5 July 19

The “Translation”

“A great deal of intelligence can be invested in ignorance when the need for illusion is deep.”

Saul Bellow

My good friend and colleague, and CEO of Robinson Armament, Alex Robinson, told me in a recent conversation:

“When we conceived the XCR Rifle, we knew the design was sound and the various pieces all shared a competent history, but it took us far longer than I ever imagined for us to learn how to make it!”

Today, the RA/XCR Rifle enjoys a solid reputation and market-share, due in no small part to Alex’s tenacity and his personal commitment to excellence and the advancement of our Art.

With all manufactured products, but particularly with guns intended for “serious purposes,” history is replete with unhappy examples of a brilliant start emerging from the “model shop,” only to translate into a disastrous failure subsequently coming off the production line!

Many, probably most, gun-company CEOs have an extensive manufacturing background.

They’re hired, because they “know how to make things.”

Yet, few are themselves, Operators. Few actually carry a gun (for serious purposes) on a regular basis.

Particularly among my friends and colleagues, there are exceptions. There are a few who are simultaneously involved in manufacturing, and are also competent Operators:

Alex Robinson, Frank DeSomma, Claudia Chisholm, Ashley Burnsed, Justin Moon, Dave Selvaggio, Uli Wiegand, Jeremy Ross, John Ring, Gary Ramey, Ross Botha, Freddie Blish, Cameron Hopkins, Mike Shovel, Justin Evans, Earnest Emerson, Lynn Thompson, Mike Lessman, Steve Camp, Brian Hoffner.
’m sure there are others whom I don’t know personally.

These few combine acumen in manufacturing, marketing, and an intense understanding of the Art, all in one person!

They are ever successful!

When new products miscarry as they get into the hands of consumers, the issues are usually:

1. Inadequate testing.

Also, smug dismissal of test results that do not fit “the agenda.”

More frequent, phoney “tests” deliberately designed from the beginning to conceal flaws.

Even more frequent, “alteration” of test results, again with the devious purpose of forcing “results” into an agenda.

Testing needs to be always thorough, unbiased, relentless, and chips need to be allowed to fall where they may!

Too many CEOs make it known among subordinates that they only want to hear what they want to hear.

Unhappy news, that they desperately need to know (but don’t want to hear), thus often goes unreported!

In testing, when presumptions become mixed-together with conclusions, at the beginning, resulting “data” is garbage, sometimes dangerous garbage!

2. Casual dismissal of consumer comments/complaints.

It all looks great in the showroom!

But, when products finally find their way into “the field,” issues, small and large, invariably become “visible”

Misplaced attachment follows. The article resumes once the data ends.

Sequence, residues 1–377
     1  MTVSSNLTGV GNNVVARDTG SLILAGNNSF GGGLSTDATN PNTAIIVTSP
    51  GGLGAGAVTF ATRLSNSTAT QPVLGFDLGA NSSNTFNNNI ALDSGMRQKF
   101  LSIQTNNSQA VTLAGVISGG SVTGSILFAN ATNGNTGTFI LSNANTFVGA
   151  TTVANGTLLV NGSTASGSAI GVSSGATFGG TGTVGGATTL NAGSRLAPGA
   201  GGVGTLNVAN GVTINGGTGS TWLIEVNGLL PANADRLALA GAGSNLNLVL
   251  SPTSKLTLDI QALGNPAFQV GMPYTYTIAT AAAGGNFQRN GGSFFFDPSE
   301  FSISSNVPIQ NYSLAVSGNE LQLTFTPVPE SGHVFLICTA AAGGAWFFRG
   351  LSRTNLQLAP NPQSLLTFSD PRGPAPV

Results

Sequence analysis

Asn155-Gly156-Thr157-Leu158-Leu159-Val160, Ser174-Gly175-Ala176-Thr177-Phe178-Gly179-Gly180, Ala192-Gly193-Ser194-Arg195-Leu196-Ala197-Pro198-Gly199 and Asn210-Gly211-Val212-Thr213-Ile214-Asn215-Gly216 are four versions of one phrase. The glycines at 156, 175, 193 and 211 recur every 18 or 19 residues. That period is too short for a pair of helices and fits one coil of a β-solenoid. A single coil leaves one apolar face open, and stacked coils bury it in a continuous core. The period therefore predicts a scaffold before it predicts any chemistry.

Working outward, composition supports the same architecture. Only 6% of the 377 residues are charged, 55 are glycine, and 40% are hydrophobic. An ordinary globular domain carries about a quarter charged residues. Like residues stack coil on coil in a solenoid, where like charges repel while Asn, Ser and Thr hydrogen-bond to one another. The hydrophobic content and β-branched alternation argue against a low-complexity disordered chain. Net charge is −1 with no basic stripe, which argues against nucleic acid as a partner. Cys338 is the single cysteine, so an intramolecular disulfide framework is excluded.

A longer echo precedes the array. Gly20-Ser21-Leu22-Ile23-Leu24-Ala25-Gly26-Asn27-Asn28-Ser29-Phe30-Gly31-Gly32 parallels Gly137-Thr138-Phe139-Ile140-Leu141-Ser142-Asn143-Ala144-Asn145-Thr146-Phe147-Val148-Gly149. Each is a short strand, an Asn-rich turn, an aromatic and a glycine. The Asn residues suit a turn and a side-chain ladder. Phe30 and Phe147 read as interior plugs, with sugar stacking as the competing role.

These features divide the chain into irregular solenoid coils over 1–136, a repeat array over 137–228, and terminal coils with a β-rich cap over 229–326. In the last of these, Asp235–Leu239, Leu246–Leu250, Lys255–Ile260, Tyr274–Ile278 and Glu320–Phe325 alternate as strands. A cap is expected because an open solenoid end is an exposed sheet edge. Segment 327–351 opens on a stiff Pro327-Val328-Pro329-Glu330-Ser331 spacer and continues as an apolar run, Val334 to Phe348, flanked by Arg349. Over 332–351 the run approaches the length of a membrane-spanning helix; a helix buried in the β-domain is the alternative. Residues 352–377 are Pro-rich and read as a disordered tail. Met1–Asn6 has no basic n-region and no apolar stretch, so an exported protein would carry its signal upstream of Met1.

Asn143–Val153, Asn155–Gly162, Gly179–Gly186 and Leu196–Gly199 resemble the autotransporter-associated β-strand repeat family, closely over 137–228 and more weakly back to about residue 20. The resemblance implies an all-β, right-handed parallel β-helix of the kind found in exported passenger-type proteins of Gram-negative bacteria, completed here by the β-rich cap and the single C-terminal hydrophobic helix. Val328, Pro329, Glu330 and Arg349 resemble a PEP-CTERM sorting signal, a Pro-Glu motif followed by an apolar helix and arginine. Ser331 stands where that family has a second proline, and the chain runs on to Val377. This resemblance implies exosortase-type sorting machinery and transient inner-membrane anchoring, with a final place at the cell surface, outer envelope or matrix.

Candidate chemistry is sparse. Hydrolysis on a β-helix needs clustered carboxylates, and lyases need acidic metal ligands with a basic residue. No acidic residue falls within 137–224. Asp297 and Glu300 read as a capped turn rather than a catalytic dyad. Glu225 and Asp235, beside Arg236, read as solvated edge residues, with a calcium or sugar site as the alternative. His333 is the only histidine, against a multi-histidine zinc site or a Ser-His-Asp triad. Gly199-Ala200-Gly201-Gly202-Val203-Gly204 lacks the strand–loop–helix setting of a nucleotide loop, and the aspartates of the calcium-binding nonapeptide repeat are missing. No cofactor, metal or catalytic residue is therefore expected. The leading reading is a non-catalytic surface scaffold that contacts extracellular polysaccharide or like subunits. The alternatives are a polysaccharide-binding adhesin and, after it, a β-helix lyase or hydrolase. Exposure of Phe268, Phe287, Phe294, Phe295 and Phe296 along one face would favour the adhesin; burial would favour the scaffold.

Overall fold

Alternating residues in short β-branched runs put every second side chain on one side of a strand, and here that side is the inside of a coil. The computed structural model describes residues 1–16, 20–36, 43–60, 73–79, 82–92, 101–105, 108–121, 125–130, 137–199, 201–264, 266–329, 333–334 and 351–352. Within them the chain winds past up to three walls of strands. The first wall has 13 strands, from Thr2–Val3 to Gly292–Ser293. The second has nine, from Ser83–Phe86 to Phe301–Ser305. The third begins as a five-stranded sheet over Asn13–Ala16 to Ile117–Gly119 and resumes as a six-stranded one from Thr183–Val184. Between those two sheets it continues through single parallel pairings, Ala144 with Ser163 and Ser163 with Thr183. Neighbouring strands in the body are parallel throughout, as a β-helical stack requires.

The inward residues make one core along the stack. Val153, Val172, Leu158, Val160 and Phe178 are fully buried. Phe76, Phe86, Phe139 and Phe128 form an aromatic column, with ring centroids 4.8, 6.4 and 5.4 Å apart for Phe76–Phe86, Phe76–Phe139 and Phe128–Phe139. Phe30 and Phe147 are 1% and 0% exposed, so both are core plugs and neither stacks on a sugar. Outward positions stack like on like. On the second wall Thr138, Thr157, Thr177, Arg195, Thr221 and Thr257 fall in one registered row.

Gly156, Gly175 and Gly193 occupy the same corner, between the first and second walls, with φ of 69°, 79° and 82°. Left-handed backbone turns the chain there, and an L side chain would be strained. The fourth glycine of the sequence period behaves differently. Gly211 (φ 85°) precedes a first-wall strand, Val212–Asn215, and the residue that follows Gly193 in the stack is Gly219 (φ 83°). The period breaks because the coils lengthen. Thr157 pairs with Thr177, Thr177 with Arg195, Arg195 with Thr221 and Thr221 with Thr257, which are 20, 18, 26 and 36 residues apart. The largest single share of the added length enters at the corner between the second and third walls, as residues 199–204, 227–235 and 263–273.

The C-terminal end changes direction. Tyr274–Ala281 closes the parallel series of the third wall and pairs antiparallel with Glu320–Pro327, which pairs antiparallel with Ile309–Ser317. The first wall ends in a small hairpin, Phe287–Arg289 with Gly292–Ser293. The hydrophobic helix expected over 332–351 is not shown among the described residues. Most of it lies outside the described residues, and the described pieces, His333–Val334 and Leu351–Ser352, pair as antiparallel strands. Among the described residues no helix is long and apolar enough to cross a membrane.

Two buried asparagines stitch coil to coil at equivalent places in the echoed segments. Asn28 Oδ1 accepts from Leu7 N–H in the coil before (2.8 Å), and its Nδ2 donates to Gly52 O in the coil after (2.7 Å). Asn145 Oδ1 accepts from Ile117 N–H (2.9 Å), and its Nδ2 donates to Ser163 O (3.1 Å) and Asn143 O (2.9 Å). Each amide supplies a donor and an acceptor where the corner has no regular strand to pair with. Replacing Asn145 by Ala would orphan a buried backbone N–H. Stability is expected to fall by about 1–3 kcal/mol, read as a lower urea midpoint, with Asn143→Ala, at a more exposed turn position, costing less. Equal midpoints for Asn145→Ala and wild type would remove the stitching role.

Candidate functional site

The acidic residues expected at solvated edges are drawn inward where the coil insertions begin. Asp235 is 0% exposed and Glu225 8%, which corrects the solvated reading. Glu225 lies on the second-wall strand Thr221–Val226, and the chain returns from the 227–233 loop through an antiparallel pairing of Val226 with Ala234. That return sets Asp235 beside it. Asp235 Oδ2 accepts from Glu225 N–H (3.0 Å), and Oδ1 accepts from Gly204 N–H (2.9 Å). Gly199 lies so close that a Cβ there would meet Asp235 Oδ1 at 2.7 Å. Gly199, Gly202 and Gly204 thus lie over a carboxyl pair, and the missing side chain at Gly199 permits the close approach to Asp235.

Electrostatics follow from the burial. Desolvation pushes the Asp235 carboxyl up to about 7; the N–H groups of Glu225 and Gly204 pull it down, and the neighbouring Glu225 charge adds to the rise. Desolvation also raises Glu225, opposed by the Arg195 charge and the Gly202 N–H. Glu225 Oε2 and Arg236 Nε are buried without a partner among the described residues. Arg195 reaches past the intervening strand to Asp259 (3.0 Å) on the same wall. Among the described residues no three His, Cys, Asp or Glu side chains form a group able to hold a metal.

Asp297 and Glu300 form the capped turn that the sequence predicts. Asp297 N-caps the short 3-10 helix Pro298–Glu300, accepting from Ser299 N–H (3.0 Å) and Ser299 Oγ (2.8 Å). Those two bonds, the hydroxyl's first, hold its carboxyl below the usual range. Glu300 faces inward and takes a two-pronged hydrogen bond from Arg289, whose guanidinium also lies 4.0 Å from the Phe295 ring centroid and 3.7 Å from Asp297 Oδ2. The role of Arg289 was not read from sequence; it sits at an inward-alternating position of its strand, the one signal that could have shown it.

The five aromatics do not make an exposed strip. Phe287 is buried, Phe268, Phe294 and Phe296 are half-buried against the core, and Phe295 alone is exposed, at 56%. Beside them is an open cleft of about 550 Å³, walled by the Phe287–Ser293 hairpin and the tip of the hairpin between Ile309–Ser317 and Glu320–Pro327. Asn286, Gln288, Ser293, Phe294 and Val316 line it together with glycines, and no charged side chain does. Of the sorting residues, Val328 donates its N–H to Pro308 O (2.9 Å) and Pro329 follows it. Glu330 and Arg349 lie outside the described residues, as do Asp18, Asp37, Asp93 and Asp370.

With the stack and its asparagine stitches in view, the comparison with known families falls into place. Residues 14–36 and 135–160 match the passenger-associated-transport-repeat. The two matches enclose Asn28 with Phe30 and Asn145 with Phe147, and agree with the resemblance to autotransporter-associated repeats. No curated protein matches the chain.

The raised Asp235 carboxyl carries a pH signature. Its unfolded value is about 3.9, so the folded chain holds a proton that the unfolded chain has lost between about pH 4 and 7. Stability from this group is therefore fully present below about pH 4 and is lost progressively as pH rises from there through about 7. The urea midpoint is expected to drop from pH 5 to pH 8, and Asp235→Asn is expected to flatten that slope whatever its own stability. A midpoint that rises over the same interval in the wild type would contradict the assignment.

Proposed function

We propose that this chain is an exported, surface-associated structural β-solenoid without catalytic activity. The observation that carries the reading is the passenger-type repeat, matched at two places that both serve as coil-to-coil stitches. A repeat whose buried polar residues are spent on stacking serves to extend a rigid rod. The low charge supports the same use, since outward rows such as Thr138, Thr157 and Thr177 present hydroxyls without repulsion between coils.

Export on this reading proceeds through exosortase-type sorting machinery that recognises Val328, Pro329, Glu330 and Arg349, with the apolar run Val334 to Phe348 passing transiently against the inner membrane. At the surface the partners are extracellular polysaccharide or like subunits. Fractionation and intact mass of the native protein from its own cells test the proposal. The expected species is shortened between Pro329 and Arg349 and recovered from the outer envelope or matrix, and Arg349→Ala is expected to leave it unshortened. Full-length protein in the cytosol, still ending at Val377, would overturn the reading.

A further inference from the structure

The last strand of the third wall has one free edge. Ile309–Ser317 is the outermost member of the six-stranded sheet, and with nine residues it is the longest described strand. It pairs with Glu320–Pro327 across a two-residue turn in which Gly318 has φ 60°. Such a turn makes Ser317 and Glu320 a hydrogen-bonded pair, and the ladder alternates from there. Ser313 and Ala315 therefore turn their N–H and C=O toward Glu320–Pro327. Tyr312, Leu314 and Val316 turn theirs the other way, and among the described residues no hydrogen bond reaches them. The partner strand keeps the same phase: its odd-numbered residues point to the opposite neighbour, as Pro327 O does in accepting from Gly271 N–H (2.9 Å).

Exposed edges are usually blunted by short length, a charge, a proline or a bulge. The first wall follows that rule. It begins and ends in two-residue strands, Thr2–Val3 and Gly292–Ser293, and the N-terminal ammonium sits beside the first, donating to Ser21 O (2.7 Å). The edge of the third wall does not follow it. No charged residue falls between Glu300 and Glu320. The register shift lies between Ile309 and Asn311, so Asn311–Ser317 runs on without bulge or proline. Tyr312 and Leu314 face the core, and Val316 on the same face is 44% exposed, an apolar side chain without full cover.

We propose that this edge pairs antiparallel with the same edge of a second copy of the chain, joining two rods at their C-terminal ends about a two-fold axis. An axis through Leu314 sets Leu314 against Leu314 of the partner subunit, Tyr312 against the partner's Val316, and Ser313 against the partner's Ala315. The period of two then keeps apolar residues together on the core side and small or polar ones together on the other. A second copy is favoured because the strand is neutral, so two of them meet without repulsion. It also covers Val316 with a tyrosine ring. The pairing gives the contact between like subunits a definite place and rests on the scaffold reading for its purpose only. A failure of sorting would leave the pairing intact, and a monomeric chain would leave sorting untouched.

Comments from the field, while usually helpful, are often sarcastic, even insulting, and they “hurt the feelings” of manufacturers.

It is always in their best interest for manufacturers to immediately separate “hurt feelings” from critical information!

“Perfect products” are rare indeed, and “tweaking,” necessitated by painful field experience, while annoying, is unavoidably necessary!

3. Pressure to “get the product out the door”

Many a product, on the brink of stellar success, has tanked because it was released too soon!

The UK’s SA80 rifle is a good example.

Rushed into production, it failed miserably when subsequently put to the test during fighting in the Mideast, denials (initially pious, then sheepish) notwithstanding

While incontrovertibly “brilliant” in conception, what ultimately rolled off the production-line was an unreliable, breakage-prone piece of junk!

The SA80, subsequently redesigned and expertly revised by H&K, now actually runs pretty well, but the damage is done!

Its soiled reputation will never be restored.

When guns are subject to hasty, expensive, recurrent, and embarrassing “recalls,” almost immediately after introduction to the market, someone at the top was a little too anxious!

4. Inadequate understanding of the consumer’s needs and expectations.

My interest in confined to serious weapons, intended for serious purposes, and carried by Operators, but I realized there is also a substantial market for “recreational” and other “non-serious” guns.

Of course, manufacturers legitimately cater to that market too!

When a student asks, “What gun should I get?” I invariably reply with the question, “What is it for?”

When he needs a gun to protect his life, I can then get down to serious recommendations from manufacturers I know and trust!

When he wants a gun strictly for recreational, or self-aggrandizement (competition), purposes, I probably won’t be very helpful, and my lack of interest will likely be obvious!

Poor ideas usually fail, and for good reason.

Darwinism is alive and well, and should be!

Unhappily, many a brilliant idea, with unmeasured potential, has ultimately never seen the light of day, due to weak men and subsequent failure of “The Translation!”

“‘Faith’ doesn’t make good science.

Curiosity does!”

Professor Jacob Barnhardt (played by Sam Jaffe) to “Klaatu,” (played by Michael Rennie) in the 1951 science-fiction classic, “The Day the Earth Stood Still”